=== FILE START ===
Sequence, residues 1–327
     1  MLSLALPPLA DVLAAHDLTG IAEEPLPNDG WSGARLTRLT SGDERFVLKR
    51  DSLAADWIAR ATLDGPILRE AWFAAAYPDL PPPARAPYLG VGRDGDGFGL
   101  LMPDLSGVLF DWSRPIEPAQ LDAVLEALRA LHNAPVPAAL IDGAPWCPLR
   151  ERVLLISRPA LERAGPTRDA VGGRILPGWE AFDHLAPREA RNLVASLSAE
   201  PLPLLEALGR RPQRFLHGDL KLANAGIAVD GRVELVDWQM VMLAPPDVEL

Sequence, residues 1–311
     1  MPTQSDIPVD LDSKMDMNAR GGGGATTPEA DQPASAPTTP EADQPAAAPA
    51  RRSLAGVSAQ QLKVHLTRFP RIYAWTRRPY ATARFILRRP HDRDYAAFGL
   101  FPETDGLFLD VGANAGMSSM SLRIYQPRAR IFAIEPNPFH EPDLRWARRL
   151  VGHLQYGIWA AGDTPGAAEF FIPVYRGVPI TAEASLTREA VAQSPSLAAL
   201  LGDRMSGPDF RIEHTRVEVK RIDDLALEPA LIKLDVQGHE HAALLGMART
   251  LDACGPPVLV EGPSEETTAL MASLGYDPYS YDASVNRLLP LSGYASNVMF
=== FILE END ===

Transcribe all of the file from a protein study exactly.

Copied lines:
Sequence, residues 1–327
     1  MLSLALPPLA DVLAAHDLTG IAEEPLPNDG WSGARLTRLT SGDERFVLKR
    51  DSLAADWIAR ATLDGPILRE AWFAAAYPDL PPPARAPYLG VGRDGDGFGL
   101  LMPDLSGVLF DWSRPIEPAQ LDAVLEALRA LHNAPVPAAL IDGAPWCPLR
   151  ERVLLISRPA LERAGPTRDA VGGRILPGWE AFDHLAPREA RNLVASLSAE
   201  PLPLLEALGR RPQRFLHGDL KLANAGIAVD GRVELVDWQM VMLAPPDVEL

Sequence, residues 1–311
     1  MPTQSDIPVD LDSKMDMNAR GGGGATTPEA DQPASAPTTP EADQPAAAPA
    51  RRSLAGVSAQ QLKVHLTRFP RIYAWTRRPY ATARFILRRP HDRDYAAFGL
   101  FPETDGLFLD VGANAGMSSM SLRIYQPRAR IFAIEPNPFH EPDLRWARRL
   151  VGHLQYGIWA AGDTPGAAEF FIPVYRGVPI TAEASLTREA VAQSPSLAAL
   201  LGDRMSGPDF RIEHTRVEVK RIDDLALEPA LIKLDVQGHE HAALLGMART
   251  LDACGPPVLV EGPSEETTAL MASLGYDPYS YDASVNRLLP LSGYASNVMF